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Electronic Ignition

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Hi Guys,

A friend and i are trying to put a 3.5 Rangie engine in a Disco: http://forums.lr4x4.com/index.php?showtopi...l=project+disco

the problem is we cannot get it started. it turns over fine, but there is no spark. we have done all the usual things (cleaned the dizzy cap etc) but there are two wires coming out of the distributer (not the cap) and i have no idea what to do with them...

So can anyone explain simply how electronic ignition works????!!!! Apologies for the stupidity of my question but who better to ask?! ;)

Thanks

Taka

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Hi Guys,

A friend and i are trying to put a 3.5 Rangie engine in a Disco: http://forums.lr4x4.com/index.php?showtopi...l=project+disco

the problem is we cannot get it started. it turns over fine, but there is no spark. we have done all the usual things (cleaned the dizzy cap etc) but there are two wires coming out of the distributer (not the cap) and i have no idea what to do with them...

So can anyone explain simply how electronic ignition works????!!!! Apologies for the stupidity of my question but who better to ask?! ;)

Thanks

Taka

They need to go to either side of the L.T. input (+ & -) on the coil.

edit.. now i think about it one wire should be 12v in and the other should go to the +ve on the coil, sorry about that!

HTH

Mick

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Hi Guys,

A friend and i are trying to put a 3.5 Rangie engine in a Disco: http://forums.lr4x4.com/index.php?showtopi...l=project+disco

the problem is we cannot get it started. it turns over fine, but there is no spark. we have done all the usual things (cleaned the dizzy cap etc) but there are two wires coming out of the distributer (not the cap) and i have no idea what to do with them...

So can anyone explain simply how electronic ignition works????!!!! Apologies for the stupidity of my question but who better to ask?! ;)

Assuming it's an electronic distributor (sounds that way) it will depend on the model. A number of designs have been used but the most common and latest version uses a small amplifier mounted on the side of the distributor which is where the 2 wires would originate.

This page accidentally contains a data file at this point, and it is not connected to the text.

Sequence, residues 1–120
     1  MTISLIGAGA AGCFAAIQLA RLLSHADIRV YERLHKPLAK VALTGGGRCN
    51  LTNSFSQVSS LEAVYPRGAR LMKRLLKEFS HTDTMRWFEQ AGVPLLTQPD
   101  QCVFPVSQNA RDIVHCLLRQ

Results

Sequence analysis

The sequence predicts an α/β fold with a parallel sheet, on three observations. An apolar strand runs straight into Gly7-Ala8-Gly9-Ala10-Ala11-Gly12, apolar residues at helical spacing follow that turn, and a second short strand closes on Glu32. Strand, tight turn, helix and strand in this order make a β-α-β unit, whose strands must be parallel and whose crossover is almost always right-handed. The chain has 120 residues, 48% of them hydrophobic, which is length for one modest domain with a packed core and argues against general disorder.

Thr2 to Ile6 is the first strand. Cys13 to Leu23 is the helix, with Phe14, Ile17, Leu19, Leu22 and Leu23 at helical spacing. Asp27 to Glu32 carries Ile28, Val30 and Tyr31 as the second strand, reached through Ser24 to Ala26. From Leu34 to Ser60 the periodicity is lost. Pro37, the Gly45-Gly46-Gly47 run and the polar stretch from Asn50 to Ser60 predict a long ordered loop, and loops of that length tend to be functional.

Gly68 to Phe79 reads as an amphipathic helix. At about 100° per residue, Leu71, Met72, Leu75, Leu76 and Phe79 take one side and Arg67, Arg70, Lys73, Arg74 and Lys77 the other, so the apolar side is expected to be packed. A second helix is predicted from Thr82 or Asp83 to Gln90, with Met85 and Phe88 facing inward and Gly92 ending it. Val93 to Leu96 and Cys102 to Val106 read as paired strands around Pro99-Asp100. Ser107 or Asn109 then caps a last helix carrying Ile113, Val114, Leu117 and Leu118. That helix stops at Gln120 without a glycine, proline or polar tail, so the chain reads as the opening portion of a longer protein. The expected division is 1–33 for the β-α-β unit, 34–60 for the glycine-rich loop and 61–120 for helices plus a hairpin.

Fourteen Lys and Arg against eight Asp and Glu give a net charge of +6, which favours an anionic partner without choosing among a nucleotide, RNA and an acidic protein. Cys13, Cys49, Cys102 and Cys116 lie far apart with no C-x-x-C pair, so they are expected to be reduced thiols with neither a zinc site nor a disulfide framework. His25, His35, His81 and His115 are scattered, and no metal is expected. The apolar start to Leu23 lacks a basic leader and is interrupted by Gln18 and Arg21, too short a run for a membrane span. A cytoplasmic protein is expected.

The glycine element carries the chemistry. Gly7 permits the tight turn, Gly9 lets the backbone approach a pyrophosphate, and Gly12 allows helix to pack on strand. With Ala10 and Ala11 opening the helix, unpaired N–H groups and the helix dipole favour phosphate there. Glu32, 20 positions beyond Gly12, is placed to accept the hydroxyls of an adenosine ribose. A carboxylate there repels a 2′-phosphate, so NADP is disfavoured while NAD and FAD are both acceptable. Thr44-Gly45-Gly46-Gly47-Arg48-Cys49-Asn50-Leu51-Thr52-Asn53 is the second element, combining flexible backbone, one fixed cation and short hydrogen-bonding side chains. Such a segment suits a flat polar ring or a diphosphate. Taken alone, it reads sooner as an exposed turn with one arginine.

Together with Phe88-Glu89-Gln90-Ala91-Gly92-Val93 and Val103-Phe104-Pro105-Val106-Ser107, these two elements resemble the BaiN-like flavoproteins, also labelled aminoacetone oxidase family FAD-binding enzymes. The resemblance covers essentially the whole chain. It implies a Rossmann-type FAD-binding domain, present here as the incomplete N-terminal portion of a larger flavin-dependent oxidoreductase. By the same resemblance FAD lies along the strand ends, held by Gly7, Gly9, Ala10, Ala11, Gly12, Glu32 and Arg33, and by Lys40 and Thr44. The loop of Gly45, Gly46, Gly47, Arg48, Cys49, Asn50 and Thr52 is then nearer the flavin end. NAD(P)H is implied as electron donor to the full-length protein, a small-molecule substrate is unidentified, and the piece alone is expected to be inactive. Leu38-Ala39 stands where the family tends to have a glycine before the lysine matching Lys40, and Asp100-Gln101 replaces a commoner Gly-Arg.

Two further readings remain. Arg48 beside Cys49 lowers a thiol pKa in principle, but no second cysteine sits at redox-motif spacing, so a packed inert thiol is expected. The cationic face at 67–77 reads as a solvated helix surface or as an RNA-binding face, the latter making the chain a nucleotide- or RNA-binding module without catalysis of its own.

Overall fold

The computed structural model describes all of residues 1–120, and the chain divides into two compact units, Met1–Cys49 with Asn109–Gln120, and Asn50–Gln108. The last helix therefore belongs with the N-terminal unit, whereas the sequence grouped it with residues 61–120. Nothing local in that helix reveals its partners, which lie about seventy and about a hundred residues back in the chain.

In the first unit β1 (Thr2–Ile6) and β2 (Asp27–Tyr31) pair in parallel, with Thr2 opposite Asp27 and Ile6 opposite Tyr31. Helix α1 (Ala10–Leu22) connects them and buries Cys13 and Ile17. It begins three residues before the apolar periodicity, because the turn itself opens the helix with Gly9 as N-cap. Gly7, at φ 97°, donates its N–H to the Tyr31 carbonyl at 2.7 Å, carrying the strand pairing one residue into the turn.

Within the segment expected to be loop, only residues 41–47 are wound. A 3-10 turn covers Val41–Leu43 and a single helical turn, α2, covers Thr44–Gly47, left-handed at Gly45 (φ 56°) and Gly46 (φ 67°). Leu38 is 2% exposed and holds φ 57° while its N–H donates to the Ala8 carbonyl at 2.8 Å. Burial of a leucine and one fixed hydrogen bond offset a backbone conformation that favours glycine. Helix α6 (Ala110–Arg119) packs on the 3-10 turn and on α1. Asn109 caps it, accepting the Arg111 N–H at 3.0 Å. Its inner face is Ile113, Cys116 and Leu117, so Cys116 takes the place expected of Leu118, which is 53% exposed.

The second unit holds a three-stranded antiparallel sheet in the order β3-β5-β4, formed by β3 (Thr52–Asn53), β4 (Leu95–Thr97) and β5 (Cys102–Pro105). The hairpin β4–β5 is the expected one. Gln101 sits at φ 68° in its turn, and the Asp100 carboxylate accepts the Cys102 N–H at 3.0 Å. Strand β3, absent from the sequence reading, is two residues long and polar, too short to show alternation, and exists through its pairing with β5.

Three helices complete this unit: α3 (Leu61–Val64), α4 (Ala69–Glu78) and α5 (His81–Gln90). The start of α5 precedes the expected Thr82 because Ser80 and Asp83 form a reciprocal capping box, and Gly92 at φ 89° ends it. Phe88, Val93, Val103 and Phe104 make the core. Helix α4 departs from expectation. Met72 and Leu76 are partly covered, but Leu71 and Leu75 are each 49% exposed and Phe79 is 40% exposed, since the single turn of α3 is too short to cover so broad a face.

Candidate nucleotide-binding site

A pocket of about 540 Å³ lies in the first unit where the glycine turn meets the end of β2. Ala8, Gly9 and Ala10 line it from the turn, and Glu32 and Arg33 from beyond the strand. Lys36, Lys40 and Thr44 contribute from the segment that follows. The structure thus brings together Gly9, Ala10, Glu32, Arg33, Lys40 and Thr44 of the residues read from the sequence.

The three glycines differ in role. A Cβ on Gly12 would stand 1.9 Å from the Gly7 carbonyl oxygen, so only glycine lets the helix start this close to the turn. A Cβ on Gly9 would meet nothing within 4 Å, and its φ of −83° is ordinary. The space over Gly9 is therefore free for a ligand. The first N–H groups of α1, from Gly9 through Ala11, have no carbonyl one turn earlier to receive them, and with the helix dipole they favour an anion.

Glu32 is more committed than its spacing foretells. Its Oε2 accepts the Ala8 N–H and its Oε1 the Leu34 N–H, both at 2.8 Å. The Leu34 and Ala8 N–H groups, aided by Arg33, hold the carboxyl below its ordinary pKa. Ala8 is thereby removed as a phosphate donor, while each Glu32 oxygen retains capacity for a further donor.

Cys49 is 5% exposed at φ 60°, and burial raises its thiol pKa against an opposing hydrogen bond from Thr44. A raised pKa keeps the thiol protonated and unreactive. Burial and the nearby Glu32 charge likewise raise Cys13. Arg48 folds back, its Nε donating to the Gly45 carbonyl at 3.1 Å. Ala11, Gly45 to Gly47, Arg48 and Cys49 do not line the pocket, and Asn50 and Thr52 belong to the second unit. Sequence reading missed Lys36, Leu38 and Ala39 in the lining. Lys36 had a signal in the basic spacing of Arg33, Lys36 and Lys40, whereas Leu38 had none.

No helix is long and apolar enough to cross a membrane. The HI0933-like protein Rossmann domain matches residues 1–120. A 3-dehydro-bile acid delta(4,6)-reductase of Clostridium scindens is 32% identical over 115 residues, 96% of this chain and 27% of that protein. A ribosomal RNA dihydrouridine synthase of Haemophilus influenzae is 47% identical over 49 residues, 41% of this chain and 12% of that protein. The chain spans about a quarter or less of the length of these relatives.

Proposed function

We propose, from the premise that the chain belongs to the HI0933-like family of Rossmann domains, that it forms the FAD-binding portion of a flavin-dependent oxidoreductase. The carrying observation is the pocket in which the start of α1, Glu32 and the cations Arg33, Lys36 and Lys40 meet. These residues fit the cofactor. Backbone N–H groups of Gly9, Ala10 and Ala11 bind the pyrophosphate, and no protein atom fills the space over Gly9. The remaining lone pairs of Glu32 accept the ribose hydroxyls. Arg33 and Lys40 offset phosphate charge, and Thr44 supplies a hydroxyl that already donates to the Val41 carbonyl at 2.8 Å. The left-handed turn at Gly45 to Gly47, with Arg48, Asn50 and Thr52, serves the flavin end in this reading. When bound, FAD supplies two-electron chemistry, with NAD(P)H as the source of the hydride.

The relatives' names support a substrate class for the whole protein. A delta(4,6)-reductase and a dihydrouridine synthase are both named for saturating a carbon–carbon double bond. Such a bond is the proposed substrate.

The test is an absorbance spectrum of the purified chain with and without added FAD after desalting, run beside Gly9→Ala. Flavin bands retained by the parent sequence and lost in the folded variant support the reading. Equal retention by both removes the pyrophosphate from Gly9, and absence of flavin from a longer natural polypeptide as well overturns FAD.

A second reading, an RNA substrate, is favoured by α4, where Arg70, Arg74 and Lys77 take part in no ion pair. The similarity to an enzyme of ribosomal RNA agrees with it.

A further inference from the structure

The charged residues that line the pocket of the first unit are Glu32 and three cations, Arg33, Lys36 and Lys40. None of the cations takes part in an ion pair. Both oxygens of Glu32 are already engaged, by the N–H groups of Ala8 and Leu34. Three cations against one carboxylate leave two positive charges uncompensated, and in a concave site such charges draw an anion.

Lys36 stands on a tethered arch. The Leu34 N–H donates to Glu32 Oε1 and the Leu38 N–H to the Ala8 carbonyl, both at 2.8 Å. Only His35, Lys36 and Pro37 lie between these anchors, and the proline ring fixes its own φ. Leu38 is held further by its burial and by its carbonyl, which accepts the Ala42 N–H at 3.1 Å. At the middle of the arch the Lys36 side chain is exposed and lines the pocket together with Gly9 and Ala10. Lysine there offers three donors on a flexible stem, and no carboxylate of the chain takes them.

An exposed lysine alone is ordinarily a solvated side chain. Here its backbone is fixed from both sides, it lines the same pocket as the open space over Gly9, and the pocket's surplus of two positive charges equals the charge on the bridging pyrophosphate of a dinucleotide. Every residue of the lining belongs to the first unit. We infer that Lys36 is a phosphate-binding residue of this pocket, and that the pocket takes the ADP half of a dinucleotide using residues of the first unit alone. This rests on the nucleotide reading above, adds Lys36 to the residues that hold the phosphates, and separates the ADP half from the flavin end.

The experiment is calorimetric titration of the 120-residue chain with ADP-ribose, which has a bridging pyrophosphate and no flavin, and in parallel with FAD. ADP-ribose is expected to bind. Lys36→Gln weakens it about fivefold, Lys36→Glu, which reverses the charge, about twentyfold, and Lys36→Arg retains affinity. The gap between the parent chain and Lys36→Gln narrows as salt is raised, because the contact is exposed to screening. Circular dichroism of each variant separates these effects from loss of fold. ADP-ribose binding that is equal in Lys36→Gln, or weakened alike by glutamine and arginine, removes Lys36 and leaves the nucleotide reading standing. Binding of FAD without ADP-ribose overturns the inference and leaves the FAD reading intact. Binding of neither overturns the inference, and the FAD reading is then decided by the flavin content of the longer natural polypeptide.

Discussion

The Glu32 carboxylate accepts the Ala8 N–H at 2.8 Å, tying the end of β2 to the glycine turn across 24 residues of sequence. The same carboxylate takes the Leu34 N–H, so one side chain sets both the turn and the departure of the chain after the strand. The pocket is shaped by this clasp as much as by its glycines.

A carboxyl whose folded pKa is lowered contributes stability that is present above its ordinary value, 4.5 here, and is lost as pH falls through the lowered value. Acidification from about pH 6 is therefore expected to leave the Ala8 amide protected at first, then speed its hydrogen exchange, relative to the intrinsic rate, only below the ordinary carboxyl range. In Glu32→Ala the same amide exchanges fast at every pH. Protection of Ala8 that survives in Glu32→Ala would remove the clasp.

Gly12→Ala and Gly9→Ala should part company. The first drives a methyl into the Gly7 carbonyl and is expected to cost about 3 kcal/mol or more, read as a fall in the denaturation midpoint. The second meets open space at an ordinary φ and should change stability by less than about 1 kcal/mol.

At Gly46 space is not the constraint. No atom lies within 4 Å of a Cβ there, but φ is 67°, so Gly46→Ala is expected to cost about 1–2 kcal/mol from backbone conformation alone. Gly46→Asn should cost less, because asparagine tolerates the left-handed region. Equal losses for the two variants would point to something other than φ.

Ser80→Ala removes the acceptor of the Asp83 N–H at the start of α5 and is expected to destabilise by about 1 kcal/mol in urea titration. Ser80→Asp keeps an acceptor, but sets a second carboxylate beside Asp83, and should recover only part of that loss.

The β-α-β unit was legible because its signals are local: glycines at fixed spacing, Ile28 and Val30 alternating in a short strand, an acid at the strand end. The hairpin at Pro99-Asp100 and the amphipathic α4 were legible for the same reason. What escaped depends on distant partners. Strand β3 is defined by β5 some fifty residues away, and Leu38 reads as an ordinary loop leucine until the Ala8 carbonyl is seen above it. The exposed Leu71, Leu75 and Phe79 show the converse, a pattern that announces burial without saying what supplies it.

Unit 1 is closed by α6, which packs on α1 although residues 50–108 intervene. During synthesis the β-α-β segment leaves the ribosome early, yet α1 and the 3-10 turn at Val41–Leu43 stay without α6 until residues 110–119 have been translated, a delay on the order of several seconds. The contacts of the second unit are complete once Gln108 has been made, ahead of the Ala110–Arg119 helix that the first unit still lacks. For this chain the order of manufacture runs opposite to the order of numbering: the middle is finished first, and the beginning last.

If that is the case then one of them may well be connected to 12v inside the loom and you need to identify which one and connect it to the +ve terminal of the coil. The other wire than connects to the -ve of the coil. If the wires still have their plugs on the end then that makes life easier as they can only go on one way as one will be male and the other female to match the coil.

If you connect the wires up and turn the ignition on you should get 12v on the +ve of the coil, if you don't you will probably have to run a new feed, ensuring that it comes from a switched 12v that is also on during cranking. It's best to check it with the -ve of the coil disconnected, otherwise you can get 12v from the wrong side of the coil.

If the distributor is an earlier one it may have an internal amplifier or may require an external amplifier that is normally mounted under the coil. "All" the amplifier does is take the signal from the sensor inside the distributor and mimics the action of a set of points electronically, setting the dwell and triggering the coil at the correct moment based on the signal from the sensor inside the distributor. The advantages are a far more accurate dwell (better spark) and more consistent timing without all the problems inherent with a mechanical points/condensor system.

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If that is the case then one of them may well be connected to 12v inside the loom and you need to identify which one and connect it to the +ve terminal of the coil. The other wire than connects to the -ve of the coil. If the wires still have their plugs on the end then that makes life easier as they can only go on one way as one will be male and the other female to match the coil.

How do you identify which one is + ve and which one is -ve?

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How do you identify which one is + ve and which one is -ve?

+&- Moulded into the plastic coil top.

Steve

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Sorry :rolleyes:

I meant on the ign amp :)

Amp (type mounted on dizzy) has (hopefully) two blades, one in line with the amp body and the other across (also nearest the corner).

Inline should have a white wire which is ignition switched +12v also supplying the coil +ve.

Crosswise should be white/black going to coil negative.

The coil negative should also have a resistor coming off of it with the other end connecting to the ECU pin 1 with white/black wire.

Steve